Home | deutsch  |  Impressum  |  Data Protection  |  Sitemap  |  Intranet  |  KIT
Research Group 4: Inverse Problems

Secretariat
Kollegiengebäude Mathematik (20.30)
Room 1.041

Address
Institute for Applied and Numerical Mathematics
Englerstr. 2
D-76131 Karlsruhe

Office hours:
Mo.-Fr. 11:00-12:00 am and 1:00 - 3:00 pm

Tel.: +49 721 608 42051

Fax.:

Ringvorlesung Wave Phenomena (Summer Semester 2020)

Lecturer: Prof. Dr. Roland Griesmaier, Prof. Dr. Roland Schnaubelt
Classes: Lecture (0162200)
Weekly hours: 2


Due to the corona crisis the iRTG lecture series has been postponed to the coming winter semester 2020/21.

In the iRTG lecture series four members of CRC 1173 will talk about topics whithin the analysis and numerics of wave phenomena. The lectures are directed to Ph.D. students (in particular of the integrated research training group of CRC 1173) and to advanced master students with a solid background in partial differential equations. The series is organized by Roland Griesmaier and Roland Schnaubelt.

Schedule
Lecture: Monday 14:00-15:30 SR 1.067
Lecturers
Lecturer Prof. Dr. Roland Griesmaier
Office hours: by phone or video call; please make an appointment by email
Room 1.040 Kollegiengebäude Mathematik (20.30)
Email: roland.griesmaier@kit.edu
Lecturer Prof. Dr. Tobias Jahnke
Office hours: Monday, 10 am - 11 am
Room 3.042 Kollegiengebäude Mathematik (20.30)
Email: tobias.jahnke@kit.edu
Lecturer PD Dr. Peer Christian Kunstmann
Office hours: Thursday, 13 - 14 Uhr
Room 2.027 Kollegiengebäude Mathematik (20.30)
Email: peer.kunstmann@kit.edu

An alternative starting point for electromagnetism

Dr. Ivan Fernandez Corbaton

The aim of these lectures is to provide a simple introduction to an unconventional approach to electromagnetism. From the start, the prominent role of the electric and magnetic fields is taken over by two other fields. These fields represent the two handedness that Maxwell solutions can have. The use of this alternative set of fields has notable advantages over the electric and magnetic fields: Decoupled evolution equations, relativistic invariance, and the remarkable ability to split the two possible handedness in electromagnetism.

The lectures take place on April 20, April 27, and May 4.

Dr. Ivan Fernandez Corbaton, is postoctoral researcher at the Insitute of Nanotechnology at KIT.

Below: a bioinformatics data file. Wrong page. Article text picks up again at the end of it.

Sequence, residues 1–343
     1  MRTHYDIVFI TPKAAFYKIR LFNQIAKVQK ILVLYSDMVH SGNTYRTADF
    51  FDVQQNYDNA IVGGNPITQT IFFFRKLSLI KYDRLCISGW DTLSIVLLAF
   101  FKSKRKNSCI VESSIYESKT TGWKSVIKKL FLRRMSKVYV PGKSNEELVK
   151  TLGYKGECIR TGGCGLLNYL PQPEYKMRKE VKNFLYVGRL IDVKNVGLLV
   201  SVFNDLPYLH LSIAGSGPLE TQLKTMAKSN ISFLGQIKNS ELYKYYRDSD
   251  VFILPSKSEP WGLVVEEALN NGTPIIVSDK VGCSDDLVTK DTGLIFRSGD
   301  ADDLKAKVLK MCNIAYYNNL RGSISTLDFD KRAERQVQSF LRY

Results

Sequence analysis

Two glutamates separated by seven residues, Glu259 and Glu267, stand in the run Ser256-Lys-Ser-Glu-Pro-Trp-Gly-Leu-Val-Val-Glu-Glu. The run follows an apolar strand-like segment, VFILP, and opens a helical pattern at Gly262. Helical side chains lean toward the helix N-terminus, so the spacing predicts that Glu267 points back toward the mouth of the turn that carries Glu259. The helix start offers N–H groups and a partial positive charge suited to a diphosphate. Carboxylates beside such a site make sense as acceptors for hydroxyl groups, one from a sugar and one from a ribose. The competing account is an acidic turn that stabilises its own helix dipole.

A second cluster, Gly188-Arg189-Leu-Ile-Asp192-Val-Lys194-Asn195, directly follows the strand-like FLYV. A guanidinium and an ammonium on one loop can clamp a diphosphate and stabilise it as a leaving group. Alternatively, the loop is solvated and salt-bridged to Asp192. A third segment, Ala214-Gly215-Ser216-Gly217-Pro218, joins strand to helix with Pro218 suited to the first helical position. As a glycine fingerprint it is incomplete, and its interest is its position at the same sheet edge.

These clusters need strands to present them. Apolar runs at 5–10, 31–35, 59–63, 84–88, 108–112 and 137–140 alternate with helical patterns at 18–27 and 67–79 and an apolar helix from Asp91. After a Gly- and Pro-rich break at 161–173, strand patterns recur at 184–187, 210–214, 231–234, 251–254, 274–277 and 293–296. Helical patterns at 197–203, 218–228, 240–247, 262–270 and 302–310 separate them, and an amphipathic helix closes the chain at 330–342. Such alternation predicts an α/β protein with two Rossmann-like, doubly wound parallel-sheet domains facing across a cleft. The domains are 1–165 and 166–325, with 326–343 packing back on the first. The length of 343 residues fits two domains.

High-frequency nonlinear optics

Prof. Dr. Tobias Jahnke

We consider a class of semilinear hyperbolic systems which includes the Maxwell-Lorentz equations in a dispersive medium as one special case. Both the evolution equation and the initial data involve a factor 1/\\epsilon with a small parameter \\epsilon. As a consequence, typical solutions oscillate with frequency O(1/\\epsilon) in time and space and have to be computed on time intervals of length O(1/\\epsilon) to observe physically interesting effects. Approximating such solutions numerically is a very challenging task.

In the three lectures, we will focus on the analytical instead of the numerical approximation. Following the classical approach, we derive a nonlinear Schrödinger equation with a non-oscillatory solution which allows to approximate the solution of the original problem up to an error of O(\\epsilon). This will be discussed in detail. Finally, an approach for the construction of numerical methods for high-frequency nonlinear optics will be sketched.

The lectures take place on Mai 11, Mai 18, and Mai 25.


Wave front sets and propagation of singularities

Prof. Dr. Peer Kunstmann


The lectures take place on June 8, June 15, and June 22.


Inverse source problems

Prof. Dr. Roland Griesmaier

In this lecture series we discuss theoretical aspects and numerical reconstruction algorithms for the inverse source problem for acoustic and electromagnetic waves. This is a classical inverse problem which is well-known to be underdetermined and notoriously instable.

After briefly introducing the basic concepts of time-harmonic wave propagation and recalling some traditional regularization schemes for the inverse source problem, we will focus on more recent developments. We consider the convex source support, which is a novel solution concept for the inverse source problem. Then we discuss the inverse problems of wave splitting and data completion and show how these can be utilized in the inverse source problem. Finally we present uncertainty principles for acoustic and electromagnetic waves that can be used to establish stability estimates for the aforementioned inverse problems.

The lectures take place on June 29, July 6, and July 13.